If foreign citizens of Indian descent return home to be in politics or government, they are more likely to do so in order to fix many of the developmental challenges that forced their migration, rather than to serve any ‘grand designs’ of foreign sabotage in India.
Many people from the non-Sikh community made heroic efforts to save the lives of several Sikh men and women during the violence. As the violence of 1984 was an attempt to sabotage the multi-ethnic nature of Delhi, many saw protecting the Sikh population as a way to defy forces of communalism.
A key driver of unemployment is the chasm between industry and educational institutions. The method of teaching and examination employed across universities in India remains largely primitive and bookish, failing to fulfil the current needs of the industry.
Indian foreign policy must now pursue global influence, but chest-thumping goes the wrong way. A self-centred and muscular foreign policy which seeks to establish India at the centre of the universe is counter-productive in the pursuit for global influence.
Despite the global spotlight on refugees, those who flee from climate change have little protection under international law since they do not appear to face a ‘fear of persecution’ from the state. As global temperatures rise and millions flee their lands, a crisis is impending and the world needs a solution very quickly.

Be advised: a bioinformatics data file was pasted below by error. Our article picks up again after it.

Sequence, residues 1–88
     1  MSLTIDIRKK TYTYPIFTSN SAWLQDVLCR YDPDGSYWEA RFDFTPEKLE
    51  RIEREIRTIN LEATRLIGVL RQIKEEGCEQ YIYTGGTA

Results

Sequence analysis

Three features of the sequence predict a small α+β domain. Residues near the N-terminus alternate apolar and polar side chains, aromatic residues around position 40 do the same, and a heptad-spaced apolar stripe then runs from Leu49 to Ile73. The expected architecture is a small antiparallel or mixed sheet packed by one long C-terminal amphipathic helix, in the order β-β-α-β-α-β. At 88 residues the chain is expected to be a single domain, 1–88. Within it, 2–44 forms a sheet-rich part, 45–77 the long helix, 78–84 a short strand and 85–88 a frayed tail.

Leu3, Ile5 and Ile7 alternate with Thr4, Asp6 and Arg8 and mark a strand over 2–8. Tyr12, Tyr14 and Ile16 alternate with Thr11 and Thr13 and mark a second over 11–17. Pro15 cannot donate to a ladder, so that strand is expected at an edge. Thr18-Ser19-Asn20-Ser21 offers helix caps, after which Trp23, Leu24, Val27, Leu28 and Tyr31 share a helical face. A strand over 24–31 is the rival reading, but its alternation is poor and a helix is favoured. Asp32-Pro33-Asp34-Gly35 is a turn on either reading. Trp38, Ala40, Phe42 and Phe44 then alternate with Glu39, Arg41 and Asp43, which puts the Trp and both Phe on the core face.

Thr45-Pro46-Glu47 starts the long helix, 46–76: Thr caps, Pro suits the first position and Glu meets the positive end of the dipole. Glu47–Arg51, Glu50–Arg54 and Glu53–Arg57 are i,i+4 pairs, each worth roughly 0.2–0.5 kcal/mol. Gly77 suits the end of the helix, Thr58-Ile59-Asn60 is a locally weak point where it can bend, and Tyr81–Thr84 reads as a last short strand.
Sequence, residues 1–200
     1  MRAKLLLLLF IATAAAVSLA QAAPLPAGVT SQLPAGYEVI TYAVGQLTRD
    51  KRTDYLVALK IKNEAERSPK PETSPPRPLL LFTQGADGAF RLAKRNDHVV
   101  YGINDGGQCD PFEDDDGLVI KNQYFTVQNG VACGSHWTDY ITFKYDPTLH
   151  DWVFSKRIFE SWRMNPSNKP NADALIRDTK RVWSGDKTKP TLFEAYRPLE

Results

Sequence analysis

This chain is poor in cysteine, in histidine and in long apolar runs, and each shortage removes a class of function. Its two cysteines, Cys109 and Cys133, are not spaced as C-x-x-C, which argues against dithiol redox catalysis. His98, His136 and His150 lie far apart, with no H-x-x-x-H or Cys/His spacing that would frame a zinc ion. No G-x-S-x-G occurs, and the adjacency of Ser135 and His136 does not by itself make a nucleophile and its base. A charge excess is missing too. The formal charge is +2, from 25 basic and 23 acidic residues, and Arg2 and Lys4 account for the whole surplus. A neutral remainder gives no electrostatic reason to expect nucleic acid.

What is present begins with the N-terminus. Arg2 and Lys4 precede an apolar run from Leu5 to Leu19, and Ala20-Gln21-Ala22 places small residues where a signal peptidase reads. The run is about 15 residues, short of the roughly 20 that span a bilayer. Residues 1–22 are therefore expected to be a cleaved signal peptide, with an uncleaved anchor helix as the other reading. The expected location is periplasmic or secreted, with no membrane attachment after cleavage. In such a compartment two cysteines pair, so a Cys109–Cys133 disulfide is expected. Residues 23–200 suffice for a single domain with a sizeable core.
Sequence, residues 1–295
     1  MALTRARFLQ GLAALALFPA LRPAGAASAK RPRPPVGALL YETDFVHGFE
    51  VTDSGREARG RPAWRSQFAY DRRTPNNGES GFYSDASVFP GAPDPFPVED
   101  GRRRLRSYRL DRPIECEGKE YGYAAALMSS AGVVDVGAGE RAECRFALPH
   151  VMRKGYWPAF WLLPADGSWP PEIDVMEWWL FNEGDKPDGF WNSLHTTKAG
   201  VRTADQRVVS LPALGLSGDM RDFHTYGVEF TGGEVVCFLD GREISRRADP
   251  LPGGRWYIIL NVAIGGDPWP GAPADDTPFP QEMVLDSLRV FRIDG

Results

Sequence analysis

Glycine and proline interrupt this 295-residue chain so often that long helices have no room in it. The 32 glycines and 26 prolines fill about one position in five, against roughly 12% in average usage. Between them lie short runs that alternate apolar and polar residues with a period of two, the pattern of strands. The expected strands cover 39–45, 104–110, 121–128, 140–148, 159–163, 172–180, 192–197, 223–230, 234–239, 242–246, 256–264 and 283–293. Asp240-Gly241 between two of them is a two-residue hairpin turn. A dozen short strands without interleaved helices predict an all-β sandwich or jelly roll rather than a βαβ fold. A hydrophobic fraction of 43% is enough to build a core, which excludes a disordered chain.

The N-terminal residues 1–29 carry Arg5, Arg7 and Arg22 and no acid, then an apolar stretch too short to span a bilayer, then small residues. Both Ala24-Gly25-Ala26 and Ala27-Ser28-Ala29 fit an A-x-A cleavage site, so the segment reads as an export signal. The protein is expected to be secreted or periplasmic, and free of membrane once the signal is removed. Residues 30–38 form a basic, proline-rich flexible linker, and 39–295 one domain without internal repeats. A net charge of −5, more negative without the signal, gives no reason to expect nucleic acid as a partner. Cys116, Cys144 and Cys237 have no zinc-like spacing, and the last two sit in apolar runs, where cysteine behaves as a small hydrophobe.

There is an urgent need to repair the disenchantment of Kashmiris towards local electoral politics and stem the alarming rise in local radicalisation. The Army can provide the government with law and order solutions under extreme circumstances, but the political establishment must then follow through. That has never happened as yet.
There is a misconception that saving is equivalent to financial literacy. Indians are world-class savers but terrible money managers. Teaching children about financial planning and wealth management in schools can play a critical role in reducing poverty levels drastically and quickly.
The cause of Indian freedom inspired people around the world because it was a cause of universal values, rather than a struggle for ethnic supremacy or cultural domination. The cause was not the assertion of an ethnic or cultural identity of Indian-ness; it was for the realisation of fundamental human rights.